I’m so passionate about sharing ways in which you can enhance your relationship with food and really get the most out of what you’re eating – both physically and emotionally. One of the ways to really strengthen that loving relationship with food, is to eliminate food guilt from your life.
Have you ever felt guilty for eating that extra portion of food?
Or beaten yourself up over indulging a bit too heavily in that chocolate dessert?
Or maybe you caved into that craving for carbs and now you’re feeling bloated and sluggish?
Well, it’s time to put that food guilt to rest and close the door on that chapter. If you’re ready to take your relationship with food to the next level, then it’s time to say goodbye to food guilt.
Your body is incredibly intelligent and has a whole internal hormonal system to alert us when we are hungry. These hormones send messages to our brains to tell us when we need to eat – it’s a self-regulatory system. If we listen to this system and eat when we are hungry, then there’s no reason to ever feel guilty for eating the foods you do. Food guilt comes when we have eaten something that perhaps our bodies didn’t need. So consider – are you actually hungry or are you eating as a result of boredom or your emotions?
Think back to crowding out – this is one of my favourite concepts - filling your body with all that nourishing goodness so that the junk foods naturally crowd themselves out. When you eat from a place of love and fuel yourself with nourishing foods, then there’s nothing to feel guilty for. You know you’re benefiting your body with your food choices and therefore eating and meal times will come from a place of love and not that guilt induced fear.
Filling half your plate with green goodness and making sure veggies make an appearance at every meal will again help to crowd out those foods that are not so good for you. As well as making sure you’re getting all those essential micronutrients (those vitamins, minerals and antioxidants), the fibre within the veggies will help fill you up and keep you fuller for longer which means, less temptation to over indulge in those foods that aren’t good for you. Again, when you’re fuelling your body on these delicious, nutrient dense whole foods, there isn’t much room for guilt to appear.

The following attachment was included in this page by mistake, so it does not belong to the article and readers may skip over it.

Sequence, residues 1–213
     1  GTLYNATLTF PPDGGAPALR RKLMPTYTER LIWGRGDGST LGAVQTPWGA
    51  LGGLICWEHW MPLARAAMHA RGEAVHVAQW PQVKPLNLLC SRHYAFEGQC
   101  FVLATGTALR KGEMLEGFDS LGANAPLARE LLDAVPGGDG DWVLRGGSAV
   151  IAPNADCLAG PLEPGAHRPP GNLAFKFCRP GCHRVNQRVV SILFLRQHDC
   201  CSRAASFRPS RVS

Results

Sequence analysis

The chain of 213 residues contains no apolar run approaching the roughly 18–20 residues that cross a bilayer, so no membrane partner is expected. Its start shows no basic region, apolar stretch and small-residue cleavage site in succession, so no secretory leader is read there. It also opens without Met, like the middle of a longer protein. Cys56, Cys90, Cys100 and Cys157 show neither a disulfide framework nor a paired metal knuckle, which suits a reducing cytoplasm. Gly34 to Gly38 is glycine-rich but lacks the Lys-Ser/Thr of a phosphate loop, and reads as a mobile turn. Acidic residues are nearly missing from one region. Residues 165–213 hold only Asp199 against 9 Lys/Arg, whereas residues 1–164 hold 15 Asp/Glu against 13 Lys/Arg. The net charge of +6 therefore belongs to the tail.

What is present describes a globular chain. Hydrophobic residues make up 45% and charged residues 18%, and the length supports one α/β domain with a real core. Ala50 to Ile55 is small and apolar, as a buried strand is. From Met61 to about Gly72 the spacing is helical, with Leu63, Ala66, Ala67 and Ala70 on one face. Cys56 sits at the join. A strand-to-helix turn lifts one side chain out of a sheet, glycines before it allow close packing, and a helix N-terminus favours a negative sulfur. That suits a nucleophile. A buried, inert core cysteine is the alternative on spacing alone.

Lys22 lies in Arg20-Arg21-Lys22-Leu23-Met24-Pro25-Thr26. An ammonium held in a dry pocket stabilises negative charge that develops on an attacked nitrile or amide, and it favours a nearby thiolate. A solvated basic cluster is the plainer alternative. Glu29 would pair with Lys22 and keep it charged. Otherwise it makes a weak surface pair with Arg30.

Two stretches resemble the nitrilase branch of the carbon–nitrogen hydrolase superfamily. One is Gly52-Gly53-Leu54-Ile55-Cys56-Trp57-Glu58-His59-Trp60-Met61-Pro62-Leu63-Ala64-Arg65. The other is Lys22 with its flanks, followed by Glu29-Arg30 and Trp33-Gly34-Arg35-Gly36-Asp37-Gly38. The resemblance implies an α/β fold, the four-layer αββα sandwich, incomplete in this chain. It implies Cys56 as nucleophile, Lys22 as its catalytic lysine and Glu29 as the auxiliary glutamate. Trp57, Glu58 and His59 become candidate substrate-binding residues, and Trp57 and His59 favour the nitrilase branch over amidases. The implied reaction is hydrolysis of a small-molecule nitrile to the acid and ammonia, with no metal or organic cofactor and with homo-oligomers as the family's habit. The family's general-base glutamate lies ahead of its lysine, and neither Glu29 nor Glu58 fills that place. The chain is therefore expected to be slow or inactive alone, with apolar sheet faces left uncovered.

One of my favourite healthy eating tips of all time is meal prepping. Rather than feeling guilty for eating junk food or reaching for that convenient, unhealthy snack, meal prep some healthier meals, alternatives and clean treats so that you have more nutrient dense foods to go to when the craving strikes. By making them yourself, you know exactly what’s gone into your cooking and you’re way more connected to your food. This will help you to make more conscious choices and lead you away from food guilt – a lot of the time we feel guilty for eating the foods we were drawn to as they were unconscious decisions that didn’t stem from a place of love.
This is something I adhere to every single meal time. When it comes to eating your food (meal time or snack time), put down your phone, switch off the radio, turn off the TV and get connected to the food you’re eating. Instead of eating mindlessly, eat mindfully and acknowledge what you’re putting into your body, how the textures & tastes make you feel and whether you’re eating that food from a place of love. When you truly get connected to your food, you might find that you don’t eat as much. When you’re distracted, it’s easy to overeat and not listen to those cues of fullness that we get from our bodies. Not only that, but eating while distracted can also lead to poorer food choices and the whole experience of eating isn’t really enjoyed to its fullest.